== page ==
“I’m biased,” he admits, “but I think this is the most beautiful place on earth, especially for a landscape photographer.”
- A Guide to Photographing the Canadian Landscape
- Alberta – a pictorial for the centennial of the province in 2005
- Canada – a scenic pictorial gift book of the country
The 25-year professional landscape photography veteran took time to answer my interview and his answers paint a common theme I’ve found throughout these interviews: A great product is required but only hard work, determination, and persistence will make it pay off.
12 Questions with Canadian Landscape Photographer Daryl Benson:
1. I’d like to start out with that “ah” moment when you realized your life would be tied to a camera instead of a more tangible career. How did it happen?
DB: As romantic as it would be to have such a moment it never really happened that way. It was more like a string of events that happened with me mostly unaware until I was past them.
2. You’ve been shooting professionally for 25 years. What single project, shoot, or book stands out as either your defining moment or favorite?
DB: I have a strong personal connection to an image of a dragonfly perched on a stock of hay at dawn near Sherwood Park, Alberta.
3. You claim to make the majority of your income from Getty and Masterfile. Can you give me some details about working time, income, and locations?
A) What percentage of your time is spent on Shooting? Editing? Marketing?
DB: It varies quite a bit from year to year but if I spend two weeks shooting, It’ll take me two weeks to edit that material.
B) What percentage of your income comes from editorial clients? Commercial clients? Stock? Other Sources?
DB: My main source of income is stock, then in order, self-publishing, assignments, lectures/presentations and workshops, print sales, writing and finally working in my daughters scrapbook store here in Edmonton (Treasured Memories, stop by and say hi)!
C) How many days do you spend on the road each year?
DB: Again it’s variable. If I was to average the last ten years, four months of each year is spent travelling.
4. How did you get involved with Getty and what advice would you give to a younger shooter looking to collaborate with a major stock agency?
DB: I kept knocking on the door until they let me in. I believe part of the vetting process for Getty is to initially decline pretty much everyone who approaches them. That eliminates about seventy percent of the applicants as most stop there. By shooting new material and continuing to submit (making reference to your previous applications), you’ll finally get their attention. Of course the work has to be very good, but that’s just the price of admission these days.
5. Successful photographers often balance two roles: creative professional and business man. What is the biggest lesson you’ve learned in both roles?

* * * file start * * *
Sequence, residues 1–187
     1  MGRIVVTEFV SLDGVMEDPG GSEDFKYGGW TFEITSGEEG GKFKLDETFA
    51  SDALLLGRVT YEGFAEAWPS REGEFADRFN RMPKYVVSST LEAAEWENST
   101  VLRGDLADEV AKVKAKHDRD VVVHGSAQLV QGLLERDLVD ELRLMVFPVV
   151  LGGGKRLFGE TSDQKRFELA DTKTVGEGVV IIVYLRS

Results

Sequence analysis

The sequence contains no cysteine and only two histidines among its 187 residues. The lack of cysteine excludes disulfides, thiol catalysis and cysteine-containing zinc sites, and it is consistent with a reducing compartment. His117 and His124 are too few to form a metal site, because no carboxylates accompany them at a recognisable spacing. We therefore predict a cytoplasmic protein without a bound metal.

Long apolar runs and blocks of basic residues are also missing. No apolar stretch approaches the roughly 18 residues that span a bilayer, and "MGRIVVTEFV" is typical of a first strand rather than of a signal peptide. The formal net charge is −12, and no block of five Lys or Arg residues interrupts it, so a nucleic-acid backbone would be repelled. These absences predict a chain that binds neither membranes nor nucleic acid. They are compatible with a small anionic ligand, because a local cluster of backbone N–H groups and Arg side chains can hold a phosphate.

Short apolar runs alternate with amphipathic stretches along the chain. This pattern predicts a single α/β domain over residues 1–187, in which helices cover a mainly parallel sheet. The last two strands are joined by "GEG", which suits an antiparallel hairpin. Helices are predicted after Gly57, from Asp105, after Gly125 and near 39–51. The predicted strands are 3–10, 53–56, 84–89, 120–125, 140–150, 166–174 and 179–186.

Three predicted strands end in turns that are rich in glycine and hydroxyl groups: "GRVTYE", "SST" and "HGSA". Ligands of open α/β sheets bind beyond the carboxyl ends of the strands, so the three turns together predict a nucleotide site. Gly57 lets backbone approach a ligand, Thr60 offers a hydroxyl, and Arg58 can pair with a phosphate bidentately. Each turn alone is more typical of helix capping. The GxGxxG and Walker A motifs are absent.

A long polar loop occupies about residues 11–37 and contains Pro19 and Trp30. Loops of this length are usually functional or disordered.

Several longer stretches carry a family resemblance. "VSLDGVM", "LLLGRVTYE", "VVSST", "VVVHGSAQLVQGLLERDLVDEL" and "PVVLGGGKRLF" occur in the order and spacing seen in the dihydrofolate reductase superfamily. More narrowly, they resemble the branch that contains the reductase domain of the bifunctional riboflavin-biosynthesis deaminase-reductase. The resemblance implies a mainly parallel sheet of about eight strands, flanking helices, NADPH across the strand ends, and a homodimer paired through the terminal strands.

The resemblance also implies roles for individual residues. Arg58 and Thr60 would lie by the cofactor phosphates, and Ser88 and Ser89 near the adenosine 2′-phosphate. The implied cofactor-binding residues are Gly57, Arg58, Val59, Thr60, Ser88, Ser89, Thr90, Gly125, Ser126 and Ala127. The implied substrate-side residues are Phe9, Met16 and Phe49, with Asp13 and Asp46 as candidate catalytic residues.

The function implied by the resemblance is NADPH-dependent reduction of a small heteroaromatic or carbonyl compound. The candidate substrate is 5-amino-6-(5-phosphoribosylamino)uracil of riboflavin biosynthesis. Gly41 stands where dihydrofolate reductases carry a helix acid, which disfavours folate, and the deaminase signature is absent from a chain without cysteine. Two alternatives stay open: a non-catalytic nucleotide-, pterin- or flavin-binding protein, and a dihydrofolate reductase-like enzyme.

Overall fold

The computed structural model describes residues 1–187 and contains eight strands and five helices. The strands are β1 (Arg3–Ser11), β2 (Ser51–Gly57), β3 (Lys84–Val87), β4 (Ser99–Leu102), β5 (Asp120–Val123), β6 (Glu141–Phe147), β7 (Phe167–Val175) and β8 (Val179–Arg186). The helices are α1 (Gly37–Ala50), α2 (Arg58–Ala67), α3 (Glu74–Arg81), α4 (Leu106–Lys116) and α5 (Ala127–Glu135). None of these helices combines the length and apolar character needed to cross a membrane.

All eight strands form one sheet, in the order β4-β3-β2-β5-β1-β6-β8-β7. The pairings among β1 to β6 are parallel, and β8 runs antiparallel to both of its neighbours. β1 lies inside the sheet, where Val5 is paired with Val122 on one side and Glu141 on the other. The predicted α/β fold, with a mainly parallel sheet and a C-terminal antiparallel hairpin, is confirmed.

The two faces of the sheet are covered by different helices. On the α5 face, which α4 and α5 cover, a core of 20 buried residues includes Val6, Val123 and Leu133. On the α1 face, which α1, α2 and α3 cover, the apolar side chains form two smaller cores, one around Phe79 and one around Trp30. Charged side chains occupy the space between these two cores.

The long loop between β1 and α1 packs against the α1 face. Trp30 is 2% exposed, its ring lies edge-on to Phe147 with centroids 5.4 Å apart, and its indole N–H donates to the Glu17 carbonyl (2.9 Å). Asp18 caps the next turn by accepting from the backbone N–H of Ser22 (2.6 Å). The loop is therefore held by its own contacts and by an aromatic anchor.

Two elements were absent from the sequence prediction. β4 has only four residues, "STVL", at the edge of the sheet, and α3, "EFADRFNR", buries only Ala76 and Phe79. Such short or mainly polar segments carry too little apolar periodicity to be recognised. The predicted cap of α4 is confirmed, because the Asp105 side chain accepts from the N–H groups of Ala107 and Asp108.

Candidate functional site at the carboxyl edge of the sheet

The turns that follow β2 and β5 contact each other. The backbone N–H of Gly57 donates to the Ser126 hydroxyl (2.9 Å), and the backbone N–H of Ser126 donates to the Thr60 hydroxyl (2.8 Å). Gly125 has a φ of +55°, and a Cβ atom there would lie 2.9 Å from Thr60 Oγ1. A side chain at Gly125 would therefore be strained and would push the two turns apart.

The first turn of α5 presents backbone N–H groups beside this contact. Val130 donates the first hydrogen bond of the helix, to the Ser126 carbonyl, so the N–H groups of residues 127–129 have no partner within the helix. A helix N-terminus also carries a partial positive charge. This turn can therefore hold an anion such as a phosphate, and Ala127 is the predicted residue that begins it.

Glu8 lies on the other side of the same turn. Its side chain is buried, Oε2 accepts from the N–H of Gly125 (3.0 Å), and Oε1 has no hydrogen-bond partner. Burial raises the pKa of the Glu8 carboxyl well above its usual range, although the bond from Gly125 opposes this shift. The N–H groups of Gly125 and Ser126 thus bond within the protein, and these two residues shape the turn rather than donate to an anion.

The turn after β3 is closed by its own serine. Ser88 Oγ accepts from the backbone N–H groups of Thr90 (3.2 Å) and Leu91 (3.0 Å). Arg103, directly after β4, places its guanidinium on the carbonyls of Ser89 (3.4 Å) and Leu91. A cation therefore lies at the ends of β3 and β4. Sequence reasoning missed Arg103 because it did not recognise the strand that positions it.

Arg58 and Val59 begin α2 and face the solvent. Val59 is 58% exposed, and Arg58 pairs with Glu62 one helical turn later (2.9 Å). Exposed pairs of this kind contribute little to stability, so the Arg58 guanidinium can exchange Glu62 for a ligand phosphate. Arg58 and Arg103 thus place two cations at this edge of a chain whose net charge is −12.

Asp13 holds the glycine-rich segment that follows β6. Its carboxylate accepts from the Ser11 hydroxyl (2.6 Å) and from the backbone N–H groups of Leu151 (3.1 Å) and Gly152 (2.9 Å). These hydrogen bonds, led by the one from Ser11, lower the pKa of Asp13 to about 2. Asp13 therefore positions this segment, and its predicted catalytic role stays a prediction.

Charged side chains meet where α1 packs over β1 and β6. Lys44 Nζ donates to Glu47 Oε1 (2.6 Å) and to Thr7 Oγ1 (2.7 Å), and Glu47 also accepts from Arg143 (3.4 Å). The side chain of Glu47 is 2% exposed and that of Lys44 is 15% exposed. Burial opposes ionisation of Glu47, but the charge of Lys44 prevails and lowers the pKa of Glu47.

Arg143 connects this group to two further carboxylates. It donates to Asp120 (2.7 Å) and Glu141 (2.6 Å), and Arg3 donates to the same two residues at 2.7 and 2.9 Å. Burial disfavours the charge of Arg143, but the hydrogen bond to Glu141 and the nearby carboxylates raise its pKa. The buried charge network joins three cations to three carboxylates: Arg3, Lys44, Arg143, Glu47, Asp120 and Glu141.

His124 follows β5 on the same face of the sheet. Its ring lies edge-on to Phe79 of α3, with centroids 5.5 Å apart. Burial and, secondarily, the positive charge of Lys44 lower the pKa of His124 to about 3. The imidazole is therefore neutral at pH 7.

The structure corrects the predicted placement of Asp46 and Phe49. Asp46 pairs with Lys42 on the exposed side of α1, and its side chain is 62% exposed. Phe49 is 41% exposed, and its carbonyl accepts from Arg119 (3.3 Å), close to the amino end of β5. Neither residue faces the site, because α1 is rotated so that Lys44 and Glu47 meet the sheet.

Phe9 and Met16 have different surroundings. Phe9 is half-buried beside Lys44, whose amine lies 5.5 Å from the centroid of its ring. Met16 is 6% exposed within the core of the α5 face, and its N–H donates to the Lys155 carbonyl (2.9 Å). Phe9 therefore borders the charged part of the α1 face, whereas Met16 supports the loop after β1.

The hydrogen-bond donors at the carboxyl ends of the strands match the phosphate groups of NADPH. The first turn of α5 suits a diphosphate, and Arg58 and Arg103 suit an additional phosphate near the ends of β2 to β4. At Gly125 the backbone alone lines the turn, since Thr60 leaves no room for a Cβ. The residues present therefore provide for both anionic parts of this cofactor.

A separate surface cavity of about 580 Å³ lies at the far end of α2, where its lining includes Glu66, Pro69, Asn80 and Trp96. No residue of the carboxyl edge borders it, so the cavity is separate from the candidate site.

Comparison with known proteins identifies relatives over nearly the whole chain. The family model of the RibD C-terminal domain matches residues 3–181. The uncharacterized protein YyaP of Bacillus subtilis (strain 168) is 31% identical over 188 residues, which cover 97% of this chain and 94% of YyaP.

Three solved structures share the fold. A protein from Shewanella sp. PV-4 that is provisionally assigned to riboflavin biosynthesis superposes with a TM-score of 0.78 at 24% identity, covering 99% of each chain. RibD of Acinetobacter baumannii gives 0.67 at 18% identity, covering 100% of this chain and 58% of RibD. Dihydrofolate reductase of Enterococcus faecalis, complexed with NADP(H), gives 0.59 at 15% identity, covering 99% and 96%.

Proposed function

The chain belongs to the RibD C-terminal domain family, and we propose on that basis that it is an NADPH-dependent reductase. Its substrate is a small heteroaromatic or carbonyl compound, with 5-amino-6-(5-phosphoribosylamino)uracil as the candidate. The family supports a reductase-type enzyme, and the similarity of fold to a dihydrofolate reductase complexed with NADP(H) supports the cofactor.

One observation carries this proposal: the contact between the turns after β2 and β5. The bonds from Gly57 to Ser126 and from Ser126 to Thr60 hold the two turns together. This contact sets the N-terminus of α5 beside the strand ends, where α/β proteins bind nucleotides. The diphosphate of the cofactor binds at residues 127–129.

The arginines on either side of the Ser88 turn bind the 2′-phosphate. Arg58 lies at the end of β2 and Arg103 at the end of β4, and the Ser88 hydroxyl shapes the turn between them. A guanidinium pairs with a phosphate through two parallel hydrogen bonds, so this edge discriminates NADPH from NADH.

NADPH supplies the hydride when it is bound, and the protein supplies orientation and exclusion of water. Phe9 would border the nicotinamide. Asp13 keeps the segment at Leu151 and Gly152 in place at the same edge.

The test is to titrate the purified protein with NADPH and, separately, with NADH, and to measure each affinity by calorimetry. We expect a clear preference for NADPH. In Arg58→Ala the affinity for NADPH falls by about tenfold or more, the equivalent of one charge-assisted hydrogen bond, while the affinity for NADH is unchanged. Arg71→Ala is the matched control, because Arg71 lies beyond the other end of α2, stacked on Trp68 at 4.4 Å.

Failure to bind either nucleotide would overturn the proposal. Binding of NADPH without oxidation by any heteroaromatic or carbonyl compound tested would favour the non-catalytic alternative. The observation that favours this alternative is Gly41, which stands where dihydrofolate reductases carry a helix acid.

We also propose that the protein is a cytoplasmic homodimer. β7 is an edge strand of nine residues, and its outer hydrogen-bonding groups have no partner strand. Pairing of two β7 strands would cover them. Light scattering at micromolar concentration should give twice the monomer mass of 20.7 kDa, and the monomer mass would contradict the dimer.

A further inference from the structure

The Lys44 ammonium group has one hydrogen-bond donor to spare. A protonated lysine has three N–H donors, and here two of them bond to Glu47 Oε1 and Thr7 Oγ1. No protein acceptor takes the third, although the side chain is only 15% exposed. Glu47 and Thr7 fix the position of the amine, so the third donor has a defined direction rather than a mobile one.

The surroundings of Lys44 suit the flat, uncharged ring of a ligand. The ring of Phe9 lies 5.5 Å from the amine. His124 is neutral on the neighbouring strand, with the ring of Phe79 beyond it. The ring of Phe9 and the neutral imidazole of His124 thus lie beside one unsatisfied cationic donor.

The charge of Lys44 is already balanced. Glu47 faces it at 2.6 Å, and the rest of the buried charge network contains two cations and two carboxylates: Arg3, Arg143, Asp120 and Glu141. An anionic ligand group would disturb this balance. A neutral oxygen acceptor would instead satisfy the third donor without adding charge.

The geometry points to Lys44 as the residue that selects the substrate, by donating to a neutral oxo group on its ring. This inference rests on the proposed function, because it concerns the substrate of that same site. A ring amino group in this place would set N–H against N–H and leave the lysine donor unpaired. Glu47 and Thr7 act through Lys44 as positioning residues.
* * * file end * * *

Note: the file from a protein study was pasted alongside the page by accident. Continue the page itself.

DB: To stay creative don’t get too impressed by anything you do. In business don’t get too comfortable. Stay hungry in both.
6. Your portfolio shot of Torres Del Paine on your website is taken from the same spot as every classic Paine shot but your image is different. It’s soft and surreal. How is your approach different and can you explain your vision in words?
DB: It’s a thirty-minute exposure using a ten-stop neutral density filter. Vision comes from experience.
7. You’ve self-published three books. Tell me about the risk and reward of working alone instead of with a publisher. What was the biggest hurdle? The biggest benefit?
DB: If I could of worked with a published I would have. I was unable to interest anyone in the projects. In retrospect it worked out well for me but I can see now I had no idea what I was doing. I’ve lived, so far, with the belief that it’s better to make a decision and go with it than become paralyzed by indecision. Make a decision and act on it, then if necessary find strategies to outwit the stupid decision you’ve made.
8. You’ve done a fair bit of traveling as a photographer both within Canada and around the world. As a stock shooter, I assume much of the initial cost falls on your own budget and the income comes later, so there is some risk involved. What five aspects do you consider when deciding to travel to a new location to shoot?
DB: In no particular order – Do I think the images/location will be marketable? How long can I go, how much will it cost? When would be the best time to go (weather, light, events, etc)? Does the location hold any interest for me?
9. What’s in your backpack when you go out for a landscape shoot at home? Abroad?
DB: As little as possible. Each trip is different, but at least one body (currently Canon 5D), 16-35mm, 24-70mm, 100-400mm, regular polarising filter, gold-n-blue colour polarising filter, solid neutral density filter, mini-tripod, lots of memory cards.
10. Are you happy with your current work – both its style and quality – and how do you see it evolving in the next 2-5 years?
DB: I’m satisfied with my current job. I have no idea where the next 2-5 years will lead.
11. What three people – be it friends, family, photographers, athletes or anyone else – provide your greatest source of inspiration?
DB: My Mother, my two daughters.
12. Any final thoughts you’d like to add?
DB: No, I’m still trying to figure things out myself.
As always, these interviews wouldn’t be possible without willing interviewees. Thank you Daryl for taking the time to satisfy my curiosity.
These interviews are a regular series on my blog, so make sure to leave me a comment with the types of questions you want answered by today’s top pros and I’ll do my best to include them. Check back every Monday for a new interview.